Sunday, November 18, 2007

President and Mr. Putin?

Kommersant reports on the latest wrinkle to perpetuate the rule of Vladimir Putin. According to the report, "Women of Vladivostok" have initiated a movement to draft Ludumila Putina as the country's next president.

" Entrepreneur Larisa Omelyanchuk, leader of Women of Vladivostok, issued a statement in local media on Friday to suggest nominating Lyudmila Putina for president. The NGO which nominated 13 candidates for Vladivostok’s legislature in the recent election is reported to draw support from the city administration. The statement says that the Constitution bars Vladimir Putin from running for a third term in the presidential election in March, but most Russians would prefer the continuation of the incumbent president’s policies. The organization believes the Mr. Putin’s wife will become the best guarantor for succession of power and stability in the society.

“Lyudmila Alexandrovna is a perfect wife and active public figure. She promoted the creation of the Center for Russian Language Development. She represents our country well on her husband’s foreign visits. She is essentially a mature politician,” Ms. Emelyanchuk explained.

She says Women of Vladivostok are ready to act as an initiative group to nominate Mrs. Putin for president. Ms. Emelyanchuk insisted that the idea was not imposed on her: “It was completely our own initiative.”

There are skeptics however:

Politicians in the Far East say that Women of Vladivostok’s move to nominate Lyudmila Putina for president was purely a PR stunt. “The majority of voters in Vladivostok know nothing about candidates from Women of Vladivostok. Here is not a very smart PR move about it,” says the leader of the Communist Party’s faction in the local legislature, Vladimir Bespalov. “Lyudmila Putin is very low-profile. She is unable to occupy the post of a minister, let alone the presidency.” Leader of local Fair Russia, Vladimir Voitovsky, agrees: “This is some sort of ladies’ fuss about the election. It’s all just for fun.” Vladimir Nikiforov, leader of Yabloko in the Far East, believes that Russia “does not need a monarchy”. United Russia supported the opposition: “I don’t really want to comment it – it’s a simple PR stunt,” says Igor Chemeris, deputy head of the party in power’s local branch."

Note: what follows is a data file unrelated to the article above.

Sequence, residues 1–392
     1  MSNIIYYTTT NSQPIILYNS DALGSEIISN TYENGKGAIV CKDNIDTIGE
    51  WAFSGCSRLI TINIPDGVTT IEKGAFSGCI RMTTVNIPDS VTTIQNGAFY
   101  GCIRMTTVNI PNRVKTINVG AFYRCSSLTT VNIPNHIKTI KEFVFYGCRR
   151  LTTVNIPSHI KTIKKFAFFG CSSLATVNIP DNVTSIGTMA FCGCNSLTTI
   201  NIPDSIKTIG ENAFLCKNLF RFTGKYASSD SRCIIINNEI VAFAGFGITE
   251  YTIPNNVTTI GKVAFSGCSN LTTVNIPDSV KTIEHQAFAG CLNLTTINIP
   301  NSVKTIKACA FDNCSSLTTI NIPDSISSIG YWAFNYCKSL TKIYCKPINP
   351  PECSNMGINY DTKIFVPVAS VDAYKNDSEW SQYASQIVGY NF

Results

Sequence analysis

There could be unpleasant consequences for those involved according to Stanislov Belkovsy, a Russian political analyst, whose comments are somewhat intriguing as to the nature of the Putin marriage:

"“Vladimir Putin’s relationship with his wife is complicated. So, Lyudmila Putina would be the last person he would like to see as the successor. Once the president gets wind of the initiative, its authors will be punished, I think.”

Supporters seem to be undaunted however:

It is not for the first time that grassroots are trying to put Lyudmila Putina forward for the post. In April, activists set up “For Putina! For Female President! and went to the streets of Volgograd to gather several thousand signatures to support Mrs. Putin’s candidacy and later sent them on to the president’s wife. They got to reply, though. “Putina kept silent for some reason, but we will carry out with our proposal,” said the action’s organizer and local lawmaker Anatoly Beyev. “Argentina got a female president. Why can’t we?”


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